It will consider cases with funding requirements from as low as £50,000 compared with many Third Party Funders' usual starting point of around £500k. As a result Caprica would consider funding a wide range of cases ranging from SME disputes through to major commercial disputes, bi-lateral investment treaty arbitrations, and securities litigation.

Litigation funding and ATE insurance specialists,


have been instrumental in helping to bring Caprica and others to the market and are supporters of the "Alternative Litigation Funding" concept, recognising that a changing market needs an innovative and sustainable response.

James Delaney, Director at TheJudge, advised:

"Few could argue that the litigation funding market has not expanded with the pace that some early commentators envisaged. Conceptually it sounded ideal, third parties paying lawyers' fees. But extreme selection and high pricing have prohibited the growth of the market. That's not a criticism of funders in the market, on the contrary some are doubtless doing well, but if the market is truly to be embraced by litigators and claimants, market adjustments will need to occur. Caprica is a positive step in the right direction and will hopefully lead to much-needed price competition."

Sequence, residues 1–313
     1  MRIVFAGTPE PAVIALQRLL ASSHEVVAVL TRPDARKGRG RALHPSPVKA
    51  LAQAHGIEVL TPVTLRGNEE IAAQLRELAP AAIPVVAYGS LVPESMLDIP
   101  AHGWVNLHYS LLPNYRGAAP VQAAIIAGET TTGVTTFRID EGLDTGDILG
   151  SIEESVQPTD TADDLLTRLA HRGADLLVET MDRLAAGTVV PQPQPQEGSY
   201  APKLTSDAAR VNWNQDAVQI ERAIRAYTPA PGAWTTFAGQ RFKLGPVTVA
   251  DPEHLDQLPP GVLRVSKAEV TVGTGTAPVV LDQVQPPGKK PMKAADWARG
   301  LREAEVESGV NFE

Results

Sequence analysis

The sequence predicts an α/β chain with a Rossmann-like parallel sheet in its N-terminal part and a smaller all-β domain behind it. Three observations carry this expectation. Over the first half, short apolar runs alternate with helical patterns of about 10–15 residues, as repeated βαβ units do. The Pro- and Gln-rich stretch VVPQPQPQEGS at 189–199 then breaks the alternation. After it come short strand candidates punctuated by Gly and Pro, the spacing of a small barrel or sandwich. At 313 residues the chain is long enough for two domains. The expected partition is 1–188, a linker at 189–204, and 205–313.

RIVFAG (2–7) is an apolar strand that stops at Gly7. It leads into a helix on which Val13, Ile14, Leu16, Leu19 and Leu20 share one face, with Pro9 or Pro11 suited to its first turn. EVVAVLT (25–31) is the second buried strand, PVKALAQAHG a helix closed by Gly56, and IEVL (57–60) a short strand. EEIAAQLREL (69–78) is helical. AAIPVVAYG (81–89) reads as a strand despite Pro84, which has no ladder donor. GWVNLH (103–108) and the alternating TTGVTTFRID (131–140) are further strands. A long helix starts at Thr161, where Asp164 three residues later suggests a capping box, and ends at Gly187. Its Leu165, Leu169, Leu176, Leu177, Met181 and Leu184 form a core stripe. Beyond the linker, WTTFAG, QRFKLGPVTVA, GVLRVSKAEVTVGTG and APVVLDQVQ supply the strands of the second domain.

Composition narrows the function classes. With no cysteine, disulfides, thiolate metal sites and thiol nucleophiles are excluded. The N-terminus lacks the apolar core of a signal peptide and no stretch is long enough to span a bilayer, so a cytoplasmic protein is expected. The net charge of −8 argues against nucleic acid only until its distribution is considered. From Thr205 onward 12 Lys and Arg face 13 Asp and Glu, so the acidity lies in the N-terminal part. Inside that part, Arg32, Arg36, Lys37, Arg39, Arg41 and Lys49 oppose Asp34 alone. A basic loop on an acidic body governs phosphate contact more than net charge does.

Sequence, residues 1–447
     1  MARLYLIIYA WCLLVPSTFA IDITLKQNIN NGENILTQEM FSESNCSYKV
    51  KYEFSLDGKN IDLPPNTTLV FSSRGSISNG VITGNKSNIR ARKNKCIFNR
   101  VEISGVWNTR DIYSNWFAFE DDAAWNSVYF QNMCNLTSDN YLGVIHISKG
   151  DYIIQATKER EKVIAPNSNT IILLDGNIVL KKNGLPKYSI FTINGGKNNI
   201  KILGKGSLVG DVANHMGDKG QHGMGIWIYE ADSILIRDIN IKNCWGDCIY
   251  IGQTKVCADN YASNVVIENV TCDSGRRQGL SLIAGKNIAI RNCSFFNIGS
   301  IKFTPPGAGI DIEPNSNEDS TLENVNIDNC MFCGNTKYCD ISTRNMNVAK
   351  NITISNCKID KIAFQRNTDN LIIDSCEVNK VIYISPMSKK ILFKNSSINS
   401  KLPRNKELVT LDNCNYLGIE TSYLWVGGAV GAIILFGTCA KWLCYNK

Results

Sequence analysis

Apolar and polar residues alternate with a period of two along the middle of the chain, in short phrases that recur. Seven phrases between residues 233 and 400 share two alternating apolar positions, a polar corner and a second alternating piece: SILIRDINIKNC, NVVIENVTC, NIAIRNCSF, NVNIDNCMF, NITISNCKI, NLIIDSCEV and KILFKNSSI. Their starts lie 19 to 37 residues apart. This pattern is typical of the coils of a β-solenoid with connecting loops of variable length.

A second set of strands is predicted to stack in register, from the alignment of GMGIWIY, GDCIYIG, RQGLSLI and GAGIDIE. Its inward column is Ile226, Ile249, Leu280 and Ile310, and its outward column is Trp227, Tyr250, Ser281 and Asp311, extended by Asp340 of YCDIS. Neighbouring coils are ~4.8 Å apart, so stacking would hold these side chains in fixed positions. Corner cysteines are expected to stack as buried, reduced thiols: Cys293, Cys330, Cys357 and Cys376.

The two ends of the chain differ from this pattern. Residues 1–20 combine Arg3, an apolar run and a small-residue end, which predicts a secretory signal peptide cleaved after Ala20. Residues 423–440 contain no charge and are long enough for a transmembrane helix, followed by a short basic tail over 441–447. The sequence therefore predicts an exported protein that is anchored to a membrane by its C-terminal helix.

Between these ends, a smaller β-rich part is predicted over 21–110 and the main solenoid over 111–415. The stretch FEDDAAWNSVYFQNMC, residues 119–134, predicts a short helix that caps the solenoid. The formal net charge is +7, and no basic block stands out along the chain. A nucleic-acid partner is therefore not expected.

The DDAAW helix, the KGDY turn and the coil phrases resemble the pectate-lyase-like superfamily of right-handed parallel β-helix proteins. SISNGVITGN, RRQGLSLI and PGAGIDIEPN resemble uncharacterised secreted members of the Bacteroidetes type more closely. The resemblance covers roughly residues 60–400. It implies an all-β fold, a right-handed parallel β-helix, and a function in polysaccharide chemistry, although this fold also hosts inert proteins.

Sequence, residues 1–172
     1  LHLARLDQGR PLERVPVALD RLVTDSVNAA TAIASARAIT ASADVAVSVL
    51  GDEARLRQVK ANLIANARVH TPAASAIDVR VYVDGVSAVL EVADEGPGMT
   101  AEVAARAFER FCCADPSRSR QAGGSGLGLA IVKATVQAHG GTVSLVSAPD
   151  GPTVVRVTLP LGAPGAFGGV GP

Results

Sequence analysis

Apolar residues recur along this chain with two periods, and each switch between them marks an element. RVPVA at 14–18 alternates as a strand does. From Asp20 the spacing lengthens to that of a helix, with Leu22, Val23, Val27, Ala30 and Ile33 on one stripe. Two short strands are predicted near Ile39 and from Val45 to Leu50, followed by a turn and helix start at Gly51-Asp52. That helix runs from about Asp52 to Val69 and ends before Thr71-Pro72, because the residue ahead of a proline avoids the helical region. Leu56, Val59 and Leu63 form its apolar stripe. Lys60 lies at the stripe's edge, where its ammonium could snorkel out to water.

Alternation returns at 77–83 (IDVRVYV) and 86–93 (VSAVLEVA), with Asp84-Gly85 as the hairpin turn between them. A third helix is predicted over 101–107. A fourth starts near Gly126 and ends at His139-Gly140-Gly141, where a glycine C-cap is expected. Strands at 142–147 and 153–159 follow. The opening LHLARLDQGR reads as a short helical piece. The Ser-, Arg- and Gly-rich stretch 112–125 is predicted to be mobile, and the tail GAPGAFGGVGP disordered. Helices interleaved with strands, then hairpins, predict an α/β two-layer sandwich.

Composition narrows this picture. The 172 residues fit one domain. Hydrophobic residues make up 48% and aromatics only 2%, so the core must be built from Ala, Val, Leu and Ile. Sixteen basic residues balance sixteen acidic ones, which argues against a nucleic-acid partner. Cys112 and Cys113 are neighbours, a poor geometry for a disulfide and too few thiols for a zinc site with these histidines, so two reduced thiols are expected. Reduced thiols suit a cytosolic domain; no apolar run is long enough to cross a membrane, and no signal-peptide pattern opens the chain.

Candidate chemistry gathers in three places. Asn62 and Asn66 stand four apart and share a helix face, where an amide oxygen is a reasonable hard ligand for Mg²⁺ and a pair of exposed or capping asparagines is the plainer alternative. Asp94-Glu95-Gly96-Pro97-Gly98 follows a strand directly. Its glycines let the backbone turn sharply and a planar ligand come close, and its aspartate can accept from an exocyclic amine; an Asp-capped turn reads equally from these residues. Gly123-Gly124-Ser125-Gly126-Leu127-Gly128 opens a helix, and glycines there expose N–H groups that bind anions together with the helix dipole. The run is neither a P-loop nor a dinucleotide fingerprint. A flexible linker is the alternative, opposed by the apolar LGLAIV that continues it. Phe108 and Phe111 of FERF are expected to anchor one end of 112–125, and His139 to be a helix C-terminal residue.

Bruce Kesterton, CEO of Thomas Miller added:

"When we looked at the litigation funding market we were adamant we would only get involved if we could fundamentally reshape it with a funding solution that works not only for the complex high damages cases but also smaller business disputes.

"We felt the present funding market did not have mainstream appeal. Many of the lawyers we spoke to during the planning phase were very disillusioned with the current market advising that litigation funding was something they would only recommended to a financially-distressed litigant.

"The MoJ's proposal to remove the recoverability of success fee on conditional fee arrangements and ATE premiums has chimed perfectly in our view with the introduction of a lower cost funding model. For many the economics of running litigation is going to become increasingly complex and it will be incumbent upon lawyers to steer their clients to the most economic funding package, which we believe is unlikely to be offered by a traditional third party funder but will be provided by an alternative litigation funder such as Caprica."